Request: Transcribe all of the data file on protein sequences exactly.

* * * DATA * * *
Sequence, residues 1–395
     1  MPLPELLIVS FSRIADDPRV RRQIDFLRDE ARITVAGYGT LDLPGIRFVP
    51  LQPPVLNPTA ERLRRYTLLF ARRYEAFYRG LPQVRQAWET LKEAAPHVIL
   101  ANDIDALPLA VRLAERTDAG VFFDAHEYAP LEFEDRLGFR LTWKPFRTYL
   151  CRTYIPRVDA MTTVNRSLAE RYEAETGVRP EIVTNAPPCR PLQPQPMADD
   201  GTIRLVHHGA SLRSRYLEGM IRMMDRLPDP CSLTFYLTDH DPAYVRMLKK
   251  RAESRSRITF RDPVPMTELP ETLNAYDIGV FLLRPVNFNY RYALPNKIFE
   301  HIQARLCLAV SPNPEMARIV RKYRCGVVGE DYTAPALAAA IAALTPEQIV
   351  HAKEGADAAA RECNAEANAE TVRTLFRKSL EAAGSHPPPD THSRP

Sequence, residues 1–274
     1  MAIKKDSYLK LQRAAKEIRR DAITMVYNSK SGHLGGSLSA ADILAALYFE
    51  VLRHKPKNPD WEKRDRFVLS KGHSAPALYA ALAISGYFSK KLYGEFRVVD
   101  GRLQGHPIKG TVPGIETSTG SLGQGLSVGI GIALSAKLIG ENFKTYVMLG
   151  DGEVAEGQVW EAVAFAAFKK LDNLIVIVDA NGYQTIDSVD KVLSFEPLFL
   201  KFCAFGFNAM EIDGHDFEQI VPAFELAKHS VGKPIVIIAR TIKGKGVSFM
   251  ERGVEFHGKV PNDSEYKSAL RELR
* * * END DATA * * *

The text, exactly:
Sequence, residues 1–395
     1  MPLPELLIVS FSRIADDPRV RRQIDFLRDE ARITVAGYGT LDLPGIRFVP
    51  LQPPVLNPTA ERLRRYTLLF ARRYEAFYRG LPQVRQAWET LKEAAPHVIL
   101  ANDIDALPLA VRLAERTDAG VFFDAHEYAP LEFEDRLGFR LTWKPFRTYL
   151  CRTYIPRVDA MTTVNRSLAE RYEAETGVRP EIVTNAPPCR PLQPQPMADD
   201  GTIRLVHHGA SLRSRYLEGM IRMMDRLPDP CSLTFYLTDH DPAYVRMLKK
   251  RAESRSRITF RDPVPMTELP ETLNAYDIGV FLLRPVNFNY RYALPNKIFE
   301  HIQARLCLAV SPNPEMARIV RKYRCGVVGE DYTAPALAAA IAALTPEQIV
   351  HAKEGADAAA RECNAEANAE TVRTLFRKSL EAAGSHPPPD THSRP

Sequence, residues 1–274
     1  MAIKKDSYLK LQRAAKEIRR DAITMVYNSK SGHLGGSLSA ADILAALYFE
    51  VLRHKPKNPD WEKRDRFVLS KGHSAPALYA ALAISGYFSK KLYGEFRVVD
   101  GRLQGHPIKG TVPGIETSTG SLGQGLSVGI GIALSAKLIG ENFKTYVMLG
   151  DGEVAEGQVW EAVAFAAFKK LDNLIVIVDA NGYQTIDSVD KVLSFEPLFL
   201  KFCAFGFNAM EIDGHDFEQI VPAFELAKHS VGKPIVIIAR TIKGKGVSFM
   251  ERGVEFHGKV PNDSEYKSAL RELR